A continuation of the section Bacteria that can count -- and talk -- on quorum sensing and related topics
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Some web sites and references for more information...
Talking Bacteria, and How to Shut Them Up, by Ker Than, March 10, 2005. https://www.livescience.com/6891-talking-bacteria-shut.html.
Cell-to-Cell Communication in Bacteria. A site from Dr Bonnie Bassler, a Howard Hughes Medical Institute (HHMI) investigator at Princeton. https://www.hhmi.org/scientists/bonnie-l-bassler. Includes many informational pages, from a pioneer in the field.
Biofilms. A general overview. K Sauer et al, Biofilms and Biocomplexity. Microbe 2:347, July 2007. Microbe, the news magazine of the American Society for Microbiology, is free online; this item is at http://www.asmscience.org/content/journal/microbe/10.1128/microbe.2.347.1.
And beyond. If you post messages in public places, others may read them. Eukaryotes may read bacterial signals -- and may even try to disrupt them, as first shown in 1995. How they do it might give us ideas for new antibiotics -- that work by disrupting bacterial quorum sensing. W D Bauer et al, Eukaryotes Deal with Bacterial Quorum Sensing. ASM News 71:129, 3/05. The article is archived at http://web.archive.org/web/20070715230515/http://www.asm.org/ASM/files/ccLibraryFiles/FILENAME/000000001442/znw00305000129.pdf. This article is also listed in the answer key to an organic/biochem practice quiz. Quiz: Alkenes and alkynes. Answer key.
If quorum sensing (QS) is part of the pathogenic process, then disrupting QS may be useful in treating infections. K D Janda's group has developed an antibody to a QS signaling molecule. A vaccine based on this antibody protects mice from Staph infections. A news page from Scripps, November 5, 2007: M Schrope & M Ono, Team Blocks Bacterial Communication System to Prevent Deadly Staph Infections: https://www.scripps.edu/newsandviews/e_20071105/staph.html. The paper behind this news page is J Park et al, Infection Control by Antibody Disruption of Bacterial Quorum Sensing Signaling. Chemistry & Biology 14:1119, October 2007.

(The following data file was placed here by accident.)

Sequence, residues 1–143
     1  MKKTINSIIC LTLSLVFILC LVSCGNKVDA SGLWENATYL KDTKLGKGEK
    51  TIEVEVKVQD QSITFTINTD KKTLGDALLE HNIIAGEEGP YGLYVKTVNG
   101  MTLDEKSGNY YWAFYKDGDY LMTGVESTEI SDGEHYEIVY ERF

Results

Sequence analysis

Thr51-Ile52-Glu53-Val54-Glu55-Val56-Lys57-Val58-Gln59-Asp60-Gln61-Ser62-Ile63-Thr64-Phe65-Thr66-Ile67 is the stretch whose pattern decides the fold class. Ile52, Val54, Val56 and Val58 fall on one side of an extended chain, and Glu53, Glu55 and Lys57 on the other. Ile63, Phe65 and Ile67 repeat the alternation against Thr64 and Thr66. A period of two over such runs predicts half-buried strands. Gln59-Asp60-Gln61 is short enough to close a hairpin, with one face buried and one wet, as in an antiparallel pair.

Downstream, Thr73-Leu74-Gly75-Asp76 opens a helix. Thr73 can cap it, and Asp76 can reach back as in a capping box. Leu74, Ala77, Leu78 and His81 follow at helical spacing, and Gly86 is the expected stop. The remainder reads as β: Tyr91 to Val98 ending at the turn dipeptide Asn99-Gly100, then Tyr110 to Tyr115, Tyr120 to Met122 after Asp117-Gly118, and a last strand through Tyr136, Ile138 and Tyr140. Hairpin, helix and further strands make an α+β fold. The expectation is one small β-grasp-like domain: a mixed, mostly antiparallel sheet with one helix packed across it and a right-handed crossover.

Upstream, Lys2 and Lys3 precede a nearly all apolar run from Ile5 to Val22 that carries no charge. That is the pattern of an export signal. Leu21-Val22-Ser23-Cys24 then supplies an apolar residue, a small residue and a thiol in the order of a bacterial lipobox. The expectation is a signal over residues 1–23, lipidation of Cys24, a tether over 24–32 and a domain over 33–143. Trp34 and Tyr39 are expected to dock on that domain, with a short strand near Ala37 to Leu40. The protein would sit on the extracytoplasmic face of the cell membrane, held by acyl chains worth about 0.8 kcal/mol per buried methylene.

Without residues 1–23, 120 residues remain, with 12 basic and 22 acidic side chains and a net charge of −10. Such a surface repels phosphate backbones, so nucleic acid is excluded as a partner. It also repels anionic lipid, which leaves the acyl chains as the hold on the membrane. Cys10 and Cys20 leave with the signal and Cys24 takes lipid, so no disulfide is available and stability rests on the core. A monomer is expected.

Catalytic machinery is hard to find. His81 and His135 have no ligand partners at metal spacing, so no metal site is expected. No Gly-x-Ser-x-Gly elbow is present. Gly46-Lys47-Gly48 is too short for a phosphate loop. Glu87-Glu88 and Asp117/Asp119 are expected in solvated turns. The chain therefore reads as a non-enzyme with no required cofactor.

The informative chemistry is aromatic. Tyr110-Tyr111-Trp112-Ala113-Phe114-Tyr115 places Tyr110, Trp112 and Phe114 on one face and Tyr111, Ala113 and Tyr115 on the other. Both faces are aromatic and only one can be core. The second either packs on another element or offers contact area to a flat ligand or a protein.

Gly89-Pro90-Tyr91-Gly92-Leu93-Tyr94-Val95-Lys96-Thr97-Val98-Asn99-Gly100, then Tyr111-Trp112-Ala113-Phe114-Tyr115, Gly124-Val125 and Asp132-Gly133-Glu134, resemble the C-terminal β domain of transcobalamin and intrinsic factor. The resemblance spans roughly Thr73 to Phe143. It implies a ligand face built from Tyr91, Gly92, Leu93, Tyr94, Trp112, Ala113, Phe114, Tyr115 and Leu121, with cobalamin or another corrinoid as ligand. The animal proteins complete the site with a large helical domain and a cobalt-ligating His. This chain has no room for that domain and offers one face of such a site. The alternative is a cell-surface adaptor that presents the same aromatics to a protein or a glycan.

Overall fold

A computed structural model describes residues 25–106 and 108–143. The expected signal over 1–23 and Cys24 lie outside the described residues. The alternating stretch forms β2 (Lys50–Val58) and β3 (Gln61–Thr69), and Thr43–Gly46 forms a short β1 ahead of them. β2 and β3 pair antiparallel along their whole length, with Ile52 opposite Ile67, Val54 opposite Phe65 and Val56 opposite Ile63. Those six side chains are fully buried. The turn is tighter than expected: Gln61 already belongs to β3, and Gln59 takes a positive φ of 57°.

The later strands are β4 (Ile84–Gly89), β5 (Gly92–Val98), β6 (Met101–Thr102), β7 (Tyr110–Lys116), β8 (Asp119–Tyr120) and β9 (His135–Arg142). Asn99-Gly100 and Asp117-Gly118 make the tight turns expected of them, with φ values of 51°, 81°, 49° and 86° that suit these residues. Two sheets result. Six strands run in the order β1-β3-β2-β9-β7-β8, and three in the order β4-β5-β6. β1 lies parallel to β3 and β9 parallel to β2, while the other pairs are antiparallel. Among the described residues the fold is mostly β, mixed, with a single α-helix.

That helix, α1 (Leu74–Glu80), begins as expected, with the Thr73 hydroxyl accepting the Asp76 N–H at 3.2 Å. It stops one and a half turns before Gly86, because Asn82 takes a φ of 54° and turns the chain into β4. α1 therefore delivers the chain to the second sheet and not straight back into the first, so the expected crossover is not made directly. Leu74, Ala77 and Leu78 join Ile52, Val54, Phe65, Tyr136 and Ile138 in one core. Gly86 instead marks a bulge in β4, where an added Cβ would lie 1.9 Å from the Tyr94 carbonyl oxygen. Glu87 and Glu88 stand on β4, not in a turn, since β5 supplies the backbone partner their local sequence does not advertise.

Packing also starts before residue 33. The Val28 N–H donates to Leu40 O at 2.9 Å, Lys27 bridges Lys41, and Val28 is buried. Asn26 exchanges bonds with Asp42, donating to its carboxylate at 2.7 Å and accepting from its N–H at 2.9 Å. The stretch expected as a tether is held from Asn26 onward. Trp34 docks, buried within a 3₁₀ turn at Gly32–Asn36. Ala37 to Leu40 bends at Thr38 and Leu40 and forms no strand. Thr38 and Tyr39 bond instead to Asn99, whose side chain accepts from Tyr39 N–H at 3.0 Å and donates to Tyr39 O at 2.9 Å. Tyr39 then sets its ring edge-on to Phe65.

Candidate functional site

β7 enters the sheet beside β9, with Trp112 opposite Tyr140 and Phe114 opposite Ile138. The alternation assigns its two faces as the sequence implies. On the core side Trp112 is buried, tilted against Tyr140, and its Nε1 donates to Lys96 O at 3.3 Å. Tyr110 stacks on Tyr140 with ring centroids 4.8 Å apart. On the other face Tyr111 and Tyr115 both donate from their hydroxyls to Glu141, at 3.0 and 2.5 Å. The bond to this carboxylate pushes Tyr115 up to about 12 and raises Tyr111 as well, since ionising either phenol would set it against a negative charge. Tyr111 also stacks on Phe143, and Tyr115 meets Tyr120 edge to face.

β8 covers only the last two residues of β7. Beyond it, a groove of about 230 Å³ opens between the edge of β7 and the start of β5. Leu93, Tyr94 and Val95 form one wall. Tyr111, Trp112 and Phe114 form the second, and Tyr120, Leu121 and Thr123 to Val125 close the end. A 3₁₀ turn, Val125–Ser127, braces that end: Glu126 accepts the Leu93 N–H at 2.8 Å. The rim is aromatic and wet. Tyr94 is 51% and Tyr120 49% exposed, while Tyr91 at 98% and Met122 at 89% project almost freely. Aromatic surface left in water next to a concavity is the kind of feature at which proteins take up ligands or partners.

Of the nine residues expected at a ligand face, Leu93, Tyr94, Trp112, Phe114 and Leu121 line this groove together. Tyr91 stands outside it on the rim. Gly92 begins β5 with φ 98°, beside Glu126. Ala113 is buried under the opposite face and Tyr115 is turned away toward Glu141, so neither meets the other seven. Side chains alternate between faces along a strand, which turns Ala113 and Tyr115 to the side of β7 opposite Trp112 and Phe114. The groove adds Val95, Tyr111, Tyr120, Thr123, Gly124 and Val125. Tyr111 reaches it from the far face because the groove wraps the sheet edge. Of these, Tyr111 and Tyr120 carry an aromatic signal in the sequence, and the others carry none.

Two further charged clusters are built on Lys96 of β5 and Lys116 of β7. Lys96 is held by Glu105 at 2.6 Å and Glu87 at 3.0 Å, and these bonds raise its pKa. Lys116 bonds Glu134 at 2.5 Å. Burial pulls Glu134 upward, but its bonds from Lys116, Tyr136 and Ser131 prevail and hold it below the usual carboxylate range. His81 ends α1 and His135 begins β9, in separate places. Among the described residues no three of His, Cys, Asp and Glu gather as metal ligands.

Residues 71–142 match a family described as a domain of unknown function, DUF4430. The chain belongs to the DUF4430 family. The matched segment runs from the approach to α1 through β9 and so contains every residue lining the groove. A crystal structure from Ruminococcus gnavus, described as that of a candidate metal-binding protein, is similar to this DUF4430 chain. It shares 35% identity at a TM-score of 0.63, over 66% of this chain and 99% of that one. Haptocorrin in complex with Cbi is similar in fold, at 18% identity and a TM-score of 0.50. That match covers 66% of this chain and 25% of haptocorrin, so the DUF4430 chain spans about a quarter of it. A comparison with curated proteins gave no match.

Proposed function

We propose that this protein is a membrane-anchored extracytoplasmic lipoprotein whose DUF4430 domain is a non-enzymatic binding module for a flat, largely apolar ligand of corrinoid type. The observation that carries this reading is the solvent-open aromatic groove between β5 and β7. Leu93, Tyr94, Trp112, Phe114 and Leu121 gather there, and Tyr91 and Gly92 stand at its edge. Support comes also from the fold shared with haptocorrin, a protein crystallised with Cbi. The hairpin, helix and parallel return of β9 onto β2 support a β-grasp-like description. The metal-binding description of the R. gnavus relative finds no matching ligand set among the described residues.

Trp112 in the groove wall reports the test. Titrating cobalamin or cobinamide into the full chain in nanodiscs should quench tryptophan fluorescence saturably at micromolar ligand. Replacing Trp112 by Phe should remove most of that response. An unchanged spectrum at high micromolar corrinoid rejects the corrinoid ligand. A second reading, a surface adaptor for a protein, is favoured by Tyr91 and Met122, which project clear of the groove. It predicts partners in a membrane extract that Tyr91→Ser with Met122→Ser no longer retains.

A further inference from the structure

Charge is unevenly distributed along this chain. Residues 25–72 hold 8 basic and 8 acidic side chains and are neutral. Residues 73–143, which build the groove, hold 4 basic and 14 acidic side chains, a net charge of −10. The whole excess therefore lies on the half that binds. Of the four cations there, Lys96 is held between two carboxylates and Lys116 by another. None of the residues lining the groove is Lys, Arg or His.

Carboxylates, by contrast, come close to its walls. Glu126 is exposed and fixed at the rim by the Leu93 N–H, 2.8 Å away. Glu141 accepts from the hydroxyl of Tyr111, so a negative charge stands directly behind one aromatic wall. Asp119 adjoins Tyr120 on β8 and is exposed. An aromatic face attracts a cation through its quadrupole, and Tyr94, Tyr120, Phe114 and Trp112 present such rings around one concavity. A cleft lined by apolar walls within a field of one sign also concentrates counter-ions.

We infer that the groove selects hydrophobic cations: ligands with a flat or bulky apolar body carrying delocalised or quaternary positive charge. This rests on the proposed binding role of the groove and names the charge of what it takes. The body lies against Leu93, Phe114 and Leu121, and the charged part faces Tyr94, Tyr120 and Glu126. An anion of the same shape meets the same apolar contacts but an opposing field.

Probiotics are bacteria that may be good for you; some may interfere with pathogens. A recent paper showed that Lactobacillus acidophilus somehow interferes with the quorum sensing mechanisms of the serious Escherichia coli pathogenic strain O157:H7. The work so far is in vitro, and awaits testing in animals. The paper is M J Medellin-Pena et al, Probiotics Affect Virulence-Related Gene Expression in Escherichia coli O157:H7. Applied and Environmental Microbiology 73:4259, July 2007. http://aem.asm.org/content/73/13/4259.abstract.
Microbe magazine published a series of three feature articles on the broad topic of bacterial communication, including quorum sensing. They provide historical perspective, from pioneers in the field. May 2010: Volume 5, issue 5. The articles are freely available at: http://www.asmscience.org/content/journal/microbe/5/5.
The three articles are:
* R Kolter, Reflections on the History of Microbial Chemical Ecology (p 201);
* E P Greenberg, Sociomicrobiology: a Personal Perspective on an Emerging Research Area (p 206);
* W Hastings, Bioluminescence Insights and Quorum Sensibilities (p 212).
The understanding of the role of quorum sensing in the cholera infection has led to the development of a probiotic to exploit the normal signaling, and thus help combat the infection. See the Musings post: Designing a probiotic that fights cholera (December 13, 2010).
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Last update: August 14, 2018